Digital empowerment in India challenges and opportunities

Digital empowerment in India challenges and opportunities, The digital wave in India is poised to create great strides in the functioning of the government and delivery of its services to

Raju Choudhary

Digital empowerment in India challenges and opportunities

Digital empowerment in India challenges and opportunities, The digital wave in India is poised to create great strides in the functioning of the government and delivery of its services to citizens, helping transform the life experiences of 1.2 billion Indians and drive the India growth story. The road to digital empowerment in India has thrown up some great challenges and opportunities.

Digital empowerment in India challenges and opportunities


  • Effective coordination, efficient monitoring system, and capacity building are all real challenges. A high degree of cooperation and commitment among the various departments is essential. Only a stable government with a strong conviction can help achieve this
  • All panchayat members, teachers in government schools, health workers, and government employees must be made digitally literate first.
  • The budget for this project is insufficient. Greater participation of all stakeholders, namely, the corporates, citizens, NGOs, and the government is the need of the hour.
  • Lack of ICT infrastructure is a major hurdle. A digital sound infrastructure that provides a smooth exchange of information is required. The existing ICT infrastructure has to be deployed to its full potential.
  • Digital transformation means that all processes of various government departments and agencies have to be revamped and reengineered. This must be done at a rapid pace to meet the expectations of the people.
  • Lack of standardisation is a major hurdle in digital empowerment. Different manufacturers use different operating systems that lead to problems in data transfer and interoperability of e-government applications. Standard communication platforms need to be built so that sharing of data becomes easier.
  • A weak monitoring and evaluation system will paralyse the ambition of digital India. Continuous and close scrutiny of its functioning needs to be ensured for the program to be on the right track.
  • Lack of last-mile internet connectivity is another major challenge. Internet penetration has to take place at a rapid pace. High-speed broadband connectivity must be ensured to all 2.5 lakh gram panchayats through the National Optical Fibre Network (NOFN) project within the timeframe.
  • Library professionals have to be trained to accelerate the transformation of traditional libraries to digital ones. There are challenges to integrating information technologies, digital library tools and software, models for resource development, IT training needs, content development, and copyright management. More than creating digital libraries, their management is a big challenge. It involves hardware, software and collection management, preservation/archiving, financial management and access management that require substantial planning, both financial as well as technical.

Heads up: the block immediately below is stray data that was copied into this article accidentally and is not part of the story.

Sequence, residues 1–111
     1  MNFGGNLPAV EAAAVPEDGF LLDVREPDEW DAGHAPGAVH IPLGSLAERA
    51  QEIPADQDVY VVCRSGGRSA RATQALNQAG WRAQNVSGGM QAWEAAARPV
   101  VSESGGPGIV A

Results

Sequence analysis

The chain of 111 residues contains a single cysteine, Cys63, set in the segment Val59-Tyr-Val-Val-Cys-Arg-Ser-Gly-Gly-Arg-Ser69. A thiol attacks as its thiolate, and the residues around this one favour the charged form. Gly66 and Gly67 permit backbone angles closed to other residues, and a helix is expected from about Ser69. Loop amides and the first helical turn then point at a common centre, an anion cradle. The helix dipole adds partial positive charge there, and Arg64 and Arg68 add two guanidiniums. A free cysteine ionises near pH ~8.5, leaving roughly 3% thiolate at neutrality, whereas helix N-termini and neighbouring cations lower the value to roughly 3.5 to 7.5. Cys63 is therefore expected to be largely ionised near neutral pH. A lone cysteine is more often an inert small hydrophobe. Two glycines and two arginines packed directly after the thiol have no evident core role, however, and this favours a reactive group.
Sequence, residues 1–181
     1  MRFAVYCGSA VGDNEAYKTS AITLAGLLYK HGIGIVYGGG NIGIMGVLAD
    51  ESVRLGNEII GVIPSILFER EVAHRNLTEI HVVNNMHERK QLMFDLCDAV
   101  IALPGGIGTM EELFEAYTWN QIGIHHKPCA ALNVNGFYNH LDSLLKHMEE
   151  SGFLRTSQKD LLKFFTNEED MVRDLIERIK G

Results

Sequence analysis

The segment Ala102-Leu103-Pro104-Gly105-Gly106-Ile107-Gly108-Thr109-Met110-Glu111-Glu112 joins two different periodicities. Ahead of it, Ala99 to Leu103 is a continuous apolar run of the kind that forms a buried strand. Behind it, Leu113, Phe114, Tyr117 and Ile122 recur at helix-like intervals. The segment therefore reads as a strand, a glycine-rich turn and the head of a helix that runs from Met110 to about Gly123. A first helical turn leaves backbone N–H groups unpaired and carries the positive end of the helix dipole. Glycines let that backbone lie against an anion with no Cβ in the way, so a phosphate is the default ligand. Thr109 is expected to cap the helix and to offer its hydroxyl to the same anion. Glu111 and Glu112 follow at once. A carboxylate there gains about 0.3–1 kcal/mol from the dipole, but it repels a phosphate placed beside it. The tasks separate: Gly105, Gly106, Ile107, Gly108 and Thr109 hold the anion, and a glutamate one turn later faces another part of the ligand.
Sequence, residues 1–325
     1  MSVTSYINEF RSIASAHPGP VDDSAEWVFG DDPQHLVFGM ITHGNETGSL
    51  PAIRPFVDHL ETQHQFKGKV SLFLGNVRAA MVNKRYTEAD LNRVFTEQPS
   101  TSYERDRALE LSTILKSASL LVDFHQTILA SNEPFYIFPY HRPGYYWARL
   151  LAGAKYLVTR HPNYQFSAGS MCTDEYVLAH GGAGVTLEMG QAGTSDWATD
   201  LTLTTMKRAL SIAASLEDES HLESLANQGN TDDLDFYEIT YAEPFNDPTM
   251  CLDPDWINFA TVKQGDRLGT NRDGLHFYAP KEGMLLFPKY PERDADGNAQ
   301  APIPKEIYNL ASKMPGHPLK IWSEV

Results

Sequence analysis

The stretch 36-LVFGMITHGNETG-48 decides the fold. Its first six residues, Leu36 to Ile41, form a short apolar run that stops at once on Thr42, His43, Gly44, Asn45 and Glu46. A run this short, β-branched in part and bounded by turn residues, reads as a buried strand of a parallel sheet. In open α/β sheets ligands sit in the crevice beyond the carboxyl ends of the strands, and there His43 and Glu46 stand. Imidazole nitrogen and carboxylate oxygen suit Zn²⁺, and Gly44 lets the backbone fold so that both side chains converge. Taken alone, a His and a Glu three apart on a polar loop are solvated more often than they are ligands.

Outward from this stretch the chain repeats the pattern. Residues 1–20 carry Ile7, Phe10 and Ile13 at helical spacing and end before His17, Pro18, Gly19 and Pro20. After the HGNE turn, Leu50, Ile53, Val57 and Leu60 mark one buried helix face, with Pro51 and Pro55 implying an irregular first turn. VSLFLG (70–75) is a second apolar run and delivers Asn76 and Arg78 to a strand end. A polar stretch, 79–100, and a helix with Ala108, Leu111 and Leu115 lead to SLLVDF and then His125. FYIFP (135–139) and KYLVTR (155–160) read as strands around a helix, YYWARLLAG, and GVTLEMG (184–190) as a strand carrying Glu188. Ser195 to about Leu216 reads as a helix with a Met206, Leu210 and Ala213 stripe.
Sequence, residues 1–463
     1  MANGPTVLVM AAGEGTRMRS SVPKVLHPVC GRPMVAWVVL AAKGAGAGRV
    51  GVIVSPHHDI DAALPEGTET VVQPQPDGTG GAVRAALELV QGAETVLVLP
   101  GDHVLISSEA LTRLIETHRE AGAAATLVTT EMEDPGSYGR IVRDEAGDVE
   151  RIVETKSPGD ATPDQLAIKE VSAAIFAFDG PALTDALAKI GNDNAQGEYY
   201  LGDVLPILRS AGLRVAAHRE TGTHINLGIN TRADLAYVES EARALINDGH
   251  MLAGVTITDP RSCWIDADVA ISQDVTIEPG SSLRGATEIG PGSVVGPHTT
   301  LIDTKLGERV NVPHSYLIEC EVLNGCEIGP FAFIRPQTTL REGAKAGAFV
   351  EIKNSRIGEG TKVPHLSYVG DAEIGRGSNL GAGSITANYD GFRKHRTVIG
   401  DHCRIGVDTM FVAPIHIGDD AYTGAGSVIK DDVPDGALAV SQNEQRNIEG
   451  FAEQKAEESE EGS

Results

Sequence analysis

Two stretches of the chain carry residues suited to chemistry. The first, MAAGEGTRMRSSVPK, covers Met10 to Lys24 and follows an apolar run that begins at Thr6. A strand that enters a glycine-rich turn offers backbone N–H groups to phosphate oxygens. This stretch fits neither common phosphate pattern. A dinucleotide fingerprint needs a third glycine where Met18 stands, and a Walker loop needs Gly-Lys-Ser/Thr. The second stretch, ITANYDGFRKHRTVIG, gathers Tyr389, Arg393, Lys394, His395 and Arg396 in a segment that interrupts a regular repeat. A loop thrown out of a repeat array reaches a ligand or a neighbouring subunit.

• Data security is a big concern. When everything is connected to the internet, it is a great challenge to manage security because of inter-wired connections and exchange of information. All security and privacy concerns must be considered, and precautionary measures should be taken while entering into agreements with the cloud computing service provider.
  • Digitisation metrics include ubiquity, affordability, reliability, speed, usage and skills. India is currently classified as a constrained digital economy and is lacking in all these and will have to take a quantum leap to compete globally.
  • Many citizens may not be comfortable with the rapid pace of empowerment. Political parties, unable to digest these developments, are likely to throw up complications and retard the progress. This requires a strong commitment and coordination of all stakeholders. A stable government will go a long way to achieve this.
  • The digital divide between urban and rural areas must be bridged to ensure sustainable development. There are budget and power generation constraints, high initial and recurring expenditures, and social, cultural and economic problems that make access to digital information difficult for the majority of the population
  • E-waste management, the impact of digitisation on climate change are to be borne in mind when implementing Digital India Programme


There are great opportunities for manufacturers in the electronic field, for farmers, for businesses, for women in particular, and the medical, financial and other sectors. With bigdata, huge opportunity awaits business analytics. All government services will be done digitally, with plenty of opportunities for software and hardware professionals. IT and IT-related jobs will be in great demand.

Digital literacy provides enormous opportunities for the education sector. Regional language keyboards are vital for deeper internet penetration. Also, translating features have to be enhanced to provide a better user experience. The ‘e’ of everything is going to create a class of entrepreneurs, capable of providing employment rather than seek jobs. Knowledge networking provides the unprecedented potential to every individual in a truly networked India. Digital empowerment will also ensure that citizens have a say and participate in governance.

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